As happens to – I think – every music lover during one era or another, while I was living through the first years of the 1980s, I didn’t have much use for the music of the times. That’s not news to those who’ve been reading this blog for a while; I’ve written before about how I felt about the music of the 1980s at the time that decade was unspooling.
What interests me now, though, is how I’ve come to appreciate more of that music these days than I ever thought I would. I grant that I’m still not accustomed to tunes from those years showing up in the playlists of the Twin Cities oldies station I listen to, but that’s a simple matter of disbelief at the march of time; it’s not an aesthetic comment on the music that’s new to that playlist.
There’s no doubt, though, that I quit listening regularly to pop music during several stretches of the 1980s, and that was especially true during the first few years of that decade. As I more and more disliked what I heard when I listened to Top 40 and other popular radio formats, my radio at home was frequently tuned to a jazz station, and I dabbled in country music at the time, too. I also listened to a lot of classical music, and I dug into the Big Band music of my parents’ youth. None of those satisfied me in the end, and I was a musical nomad for a while.
The funny thing is, I look at the records that were hits in the 1980s – either the lists of No. 1 songs week by week or the list of the biggest hits of the decade – and they don’t seem so awful now. Some of them, in fact, seem pretty palatable. There’s still a lot of piffle, but when wasn’t there piffle? The Sixties and Seventies each had their shares of bad singles rising to the top, and some of those bad singles – “bad” in the aesthetic sense – are among the records I still enjoy from those formative years of mine. (“Na Na Hey Hey Kiss Him Goodbye” is a prime example: It’s at the same time an awful song and a great record if you were a listener then; but it’s not necessarily what I would want the aliens from Altair to hear first as they approached our blue planet. What would my choice be? I have no idea this morning.)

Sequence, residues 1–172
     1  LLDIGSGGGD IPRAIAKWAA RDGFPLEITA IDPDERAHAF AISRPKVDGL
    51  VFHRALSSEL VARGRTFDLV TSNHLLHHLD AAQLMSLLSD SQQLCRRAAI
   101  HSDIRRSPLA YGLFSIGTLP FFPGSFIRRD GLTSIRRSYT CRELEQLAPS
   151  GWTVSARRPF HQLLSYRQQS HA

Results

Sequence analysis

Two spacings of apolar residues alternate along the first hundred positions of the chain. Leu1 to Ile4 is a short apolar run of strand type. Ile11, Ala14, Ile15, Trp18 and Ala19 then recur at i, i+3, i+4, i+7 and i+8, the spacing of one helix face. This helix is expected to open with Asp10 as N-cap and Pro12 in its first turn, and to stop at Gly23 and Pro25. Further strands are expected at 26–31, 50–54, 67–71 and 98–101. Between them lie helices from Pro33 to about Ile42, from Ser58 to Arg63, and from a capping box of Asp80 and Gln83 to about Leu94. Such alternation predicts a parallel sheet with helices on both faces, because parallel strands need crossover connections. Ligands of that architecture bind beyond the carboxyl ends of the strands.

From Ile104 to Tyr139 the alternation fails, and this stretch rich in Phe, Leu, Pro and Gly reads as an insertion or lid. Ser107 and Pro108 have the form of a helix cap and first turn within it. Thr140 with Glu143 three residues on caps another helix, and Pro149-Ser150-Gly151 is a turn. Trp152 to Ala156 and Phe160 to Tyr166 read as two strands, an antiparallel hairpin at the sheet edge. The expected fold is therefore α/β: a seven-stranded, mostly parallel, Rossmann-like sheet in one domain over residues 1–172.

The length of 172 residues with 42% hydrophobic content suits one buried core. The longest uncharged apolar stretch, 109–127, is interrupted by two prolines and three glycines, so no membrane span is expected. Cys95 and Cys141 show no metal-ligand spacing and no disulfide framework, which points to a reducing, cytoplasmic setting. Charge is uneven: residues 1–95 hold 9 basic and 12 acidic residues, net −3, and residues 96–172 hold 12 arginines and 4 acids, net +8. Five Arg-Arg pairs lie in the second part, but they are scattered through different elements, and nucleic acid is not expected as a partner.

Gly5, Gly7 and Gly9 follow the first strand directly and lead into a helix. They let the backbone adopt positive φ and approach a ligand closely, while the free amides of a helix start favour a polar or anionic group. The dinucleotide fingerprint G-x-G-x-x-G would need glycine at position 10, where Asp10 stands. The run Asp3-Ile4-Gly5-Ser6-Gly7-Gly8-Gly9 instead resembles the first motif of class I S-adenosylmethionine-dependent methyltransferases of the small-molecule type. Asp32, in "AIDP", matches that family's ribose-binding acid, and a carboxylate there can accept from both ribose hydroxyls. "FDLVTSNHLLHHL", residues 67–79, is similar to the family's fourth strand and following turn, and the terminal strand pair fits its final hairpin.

One thing is certain: The music I dissed between twenty and thirty years ago hasn’t changed. So if I like more of that music today than I did then, the change must have come from me. And, having thought about this at least a little, I think my reaction to the tunes of the time was more than anything else a reaction to the times. Politically, culturally, a lot of things changed in the years just before and just after 1980, with the changes adding up to one of those shifts in the zeitgeist that take place in our culture every twenty or thirty years or so.
And since one of the things that pop culture does well is to reflect that zeitgeist back to us through the mass media (though they become less mass year by year, a topic we might explore here another day), the music I was listening to and finding wanting was showing me – imperfectly, to be sure – the larger culture surrounding pop culture. I didn’t like what I saw, and in the first instance of old-fogyism that I can recall in my life – certainly not my last – I gave a “hrmmph” and turned my back on almost all pop music to find a more comforting current form of musical sustenance. I never did find it, which isn’t a surprise, as what I was looking for was 1970 or 1975 or something very much like that. And those years and their times were gone.
I think this is not a unique tale. Though the details – and the specific times – may differ, I think the first adult instance of noticing the world changing greatly around us is a universal experience. Sometimes we swim as hard as we can against the current, and sometimes we float and bob along. Some of us, I suppose, have boats and ride through the changes without much effort at all, and some very few of us – to stretch the metaphor to its elastic capacity – sit on the shore and watch the river flow and thus never move away from, oh, 1972 or whenever.
That last reaction – inaction, if you will – was never an option. Even though I felt more comfortable with those earlier times, and as much as I love memoir and memory, I still – as a reporter, as a writer, as a reader, as a person – had to be in the present. So I eventually made my peace with the fact that the times had shifted. Some of that peace was easier found when I went to graduate school; a university environment encourages exploration and acceptance of new ideas, and I found that to be true in the lesser matters of pop culture as well as the larger matters of social policy and all the other things that make the world run.
And being drawn back to pop culture and pop music — I still didn’t like everything I heard, but I was at least listening again – brought me to one of the best records included in this long project of the Ultimate Jukebox. I imagine that if I took the agonizing time to rank all 228 songs in the UJ – and I won’t do that; I have better things to invest my hours in – this record by the Cars from the late summer and early autumn of 1984 would fall securely in my Top Twenty, if not higher.
“Drive” was written and performed by the late Benjamin Orr of the Cars, and it spent the last two weeks of September and the first week of October 1984 at No. 3. It was also No. 1 on the Adult Contemporary chart for three weeks.